Karen Medina's dance experience stretches back 30 years, but it wasn't until she connected with the Lucas County special needs community that she shaped her business — and her life — forever. “I realized that dance doesn't have to be the perfect show — it really goes back to how it makes you feel,” she says. For the past three years, young adults with special needs have found an outlet for creativity and physicality with help from Medina, a local dance instructor.
Medina works in coordination with the Lucas County Board of Developmental Disabilities and Harbor’s Quest Program, coaching a group of 23 individuals in her Victory Dance classes, sessions that allow dancers with special needs to find freedom, and joy, in music and movement. Though Medina had no previous personal experience with individuals with special needs, she says these classes have revitalized the idea of dance for her. She explains that she is not only impacting the lives of her dance students, but that they are having a huge impact on her. “Every week I'm humbled,” she says.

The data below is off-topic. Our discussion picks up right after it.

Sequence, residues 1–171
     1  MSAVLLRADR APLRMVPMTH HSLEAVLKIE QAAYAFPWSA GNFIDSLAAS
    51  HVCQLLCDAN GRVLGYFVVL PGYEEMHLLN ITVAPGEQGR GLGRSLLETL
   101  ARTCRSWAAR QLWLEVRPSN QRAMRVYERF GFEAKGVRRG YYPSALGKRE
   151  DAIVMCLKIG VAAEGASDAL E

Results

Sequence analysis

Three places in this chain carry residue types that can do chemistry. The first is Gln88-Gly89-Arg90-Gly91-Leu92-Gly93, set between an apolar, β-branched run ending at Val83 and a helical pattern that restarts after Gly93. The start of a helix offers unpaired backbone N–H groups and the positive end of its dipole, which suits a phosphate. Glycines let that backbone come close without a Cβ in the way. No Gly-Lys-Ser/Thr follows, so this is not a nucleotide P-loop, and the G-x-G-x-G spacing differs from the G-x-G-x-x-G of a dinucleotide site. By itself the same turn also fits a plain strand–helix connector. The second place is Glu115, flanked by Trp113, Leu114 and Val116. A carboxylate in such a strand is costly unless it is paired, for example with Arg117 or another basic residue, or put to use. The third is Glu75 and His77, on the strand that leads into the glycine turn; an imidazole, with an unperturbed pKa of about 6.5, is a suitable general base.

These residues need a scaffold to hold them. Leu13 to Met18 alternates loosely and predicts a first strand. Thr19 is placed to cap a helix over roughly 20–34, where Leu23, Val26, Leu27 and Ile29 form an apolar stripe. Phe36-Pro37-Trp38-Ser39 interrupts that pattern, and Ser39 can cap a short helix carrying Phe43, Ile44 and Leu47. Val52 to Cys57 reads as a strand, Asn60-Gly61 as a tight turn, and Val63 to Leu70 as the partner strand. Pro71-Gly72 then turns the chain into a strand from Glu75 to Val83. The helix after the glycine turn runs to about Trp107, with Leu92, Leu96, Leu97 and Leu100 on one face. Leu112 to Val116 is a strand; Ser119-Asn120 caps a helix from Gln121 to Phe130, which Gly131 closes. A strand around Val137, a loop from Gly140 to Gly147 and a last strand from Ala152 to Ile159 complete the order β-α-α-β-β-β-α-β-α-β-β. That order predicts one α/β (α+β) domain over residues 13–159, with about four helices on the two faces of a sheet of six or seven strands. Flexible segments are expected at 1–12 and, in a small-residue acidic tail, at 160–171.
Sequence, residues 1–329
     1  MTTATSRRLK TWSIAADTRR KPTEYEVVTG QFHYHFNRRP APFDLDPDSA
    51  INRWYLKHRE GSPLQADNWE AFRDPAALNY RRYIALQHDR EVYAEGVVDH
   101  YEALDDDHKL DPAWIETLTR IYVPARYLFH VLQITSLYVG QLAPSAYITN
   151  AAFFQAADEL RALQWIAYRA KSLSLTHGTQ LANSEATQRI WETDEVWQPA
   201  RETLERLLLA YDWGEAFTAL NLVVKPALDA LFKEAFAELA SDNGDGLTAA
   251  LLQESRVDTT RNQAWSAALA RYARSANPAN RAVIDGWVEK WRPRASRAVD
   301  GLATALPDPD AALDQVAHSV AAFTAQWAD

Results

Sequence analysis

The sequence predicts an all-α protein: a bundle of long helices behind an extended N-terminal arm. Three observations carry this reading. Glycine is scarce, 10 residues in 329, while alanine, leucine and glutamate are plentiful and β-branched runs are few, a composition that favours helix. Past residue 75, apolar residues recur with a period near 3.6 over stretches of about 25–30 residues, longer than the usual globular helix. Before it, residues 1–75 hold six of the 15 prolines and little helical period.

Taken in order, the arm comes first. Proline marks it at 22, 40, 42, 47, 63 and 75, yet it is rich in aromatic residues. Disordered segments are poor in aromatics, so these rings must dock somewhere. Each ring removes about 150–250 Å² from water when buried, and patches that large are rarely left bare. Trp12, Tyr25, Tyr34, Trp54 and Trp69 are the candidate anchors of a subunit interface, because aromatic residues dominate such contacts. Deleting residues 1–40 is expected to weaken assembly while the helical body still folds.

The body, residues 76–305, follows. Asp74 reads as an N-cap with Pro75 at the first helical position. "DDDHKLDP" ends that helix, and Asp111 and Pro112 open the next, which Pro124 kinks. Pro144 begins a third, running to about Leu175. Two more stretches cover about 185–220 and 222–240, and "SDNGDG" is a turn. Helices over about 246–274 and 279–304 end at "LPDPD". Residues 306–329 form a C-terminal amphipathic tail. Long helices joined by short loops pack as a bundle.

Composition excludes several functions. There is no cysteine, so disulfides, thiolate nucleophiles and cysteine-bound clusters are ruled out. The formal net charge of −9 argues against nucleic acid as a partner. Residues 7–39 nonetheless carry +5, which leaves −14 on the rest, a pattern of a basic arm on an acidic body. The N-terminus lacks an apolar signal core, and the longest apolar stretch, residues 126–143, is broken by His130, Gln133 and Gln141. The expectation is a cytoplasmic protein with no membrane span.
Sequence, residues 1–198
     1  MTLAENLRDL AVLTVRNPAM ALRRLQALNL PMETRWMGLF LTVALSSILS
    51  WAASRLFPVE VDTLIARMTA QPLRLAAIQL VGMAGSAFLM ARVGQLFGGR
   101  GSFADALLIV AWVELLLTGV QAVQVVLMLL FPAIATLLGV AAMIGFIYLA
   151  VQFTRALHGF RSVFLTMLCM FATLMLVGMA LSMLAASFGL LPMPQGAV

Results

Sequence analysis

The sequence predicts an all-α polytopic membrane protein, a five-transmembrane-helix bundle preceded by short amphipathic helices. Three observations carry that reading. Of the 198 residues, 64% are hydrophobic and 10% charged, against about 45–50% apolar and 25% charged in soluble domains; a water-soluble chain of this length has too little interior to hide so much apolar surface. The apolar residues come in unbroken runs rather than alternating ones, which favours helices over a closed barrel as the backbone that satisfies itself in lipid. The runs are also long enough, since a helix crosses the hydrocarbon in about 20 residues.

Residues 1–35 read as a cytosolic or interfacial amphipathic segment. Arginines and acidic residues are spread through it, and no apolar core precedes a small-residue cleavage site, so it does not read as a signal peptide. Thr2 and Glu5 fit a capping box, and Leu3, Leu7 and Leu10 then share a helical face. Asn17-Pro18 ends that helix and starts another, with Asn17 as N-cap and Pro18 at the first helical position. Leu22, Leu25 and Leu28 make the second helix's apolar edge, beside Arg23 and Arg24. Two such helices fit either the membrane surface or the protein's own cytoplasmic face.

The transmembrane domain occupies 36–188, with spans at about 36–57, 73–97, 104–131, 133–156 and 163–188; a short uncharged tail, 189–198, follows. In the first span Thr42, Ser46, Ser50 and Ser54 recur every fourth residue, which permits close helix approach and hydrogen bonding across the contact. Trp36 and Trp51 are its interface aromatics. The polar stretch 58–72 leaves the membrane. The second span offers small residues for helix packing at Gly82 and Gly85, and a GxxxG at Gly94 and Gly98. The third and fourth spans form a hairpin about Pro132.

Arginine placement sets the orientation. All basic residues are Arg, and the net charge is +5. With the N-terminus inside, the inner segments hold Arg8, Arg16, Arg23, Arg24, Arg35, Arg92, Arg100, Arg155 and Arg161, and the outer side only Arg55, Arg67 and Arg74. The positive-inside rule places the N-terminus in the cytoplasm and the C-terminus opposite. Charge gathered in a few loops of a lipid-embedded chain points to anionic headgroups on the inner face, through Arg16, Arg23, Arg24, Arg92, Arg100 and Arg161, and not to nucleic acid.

Though Medina recently had to move her classes to an interim location at the Collingwood Arts Center, she says the temporary stresses do not affect the dancers' spirit. “As long as I have music and a place, these kids will come,” she says. And even during this transitional period, Medina is optimistic about her goals for the classes. She wants to set up a non-profit organization to give the idea room to grow, and plans to reach out to others in the special needs community. In the future, Medina hopes to have a wheelchair class, a class for hearing-impaired school age children, and a class for those with sensory impairment. Anyone interested in getting involved with Medina's Victory Dance classes can contact her directly for information at firstname.lastname@example.org.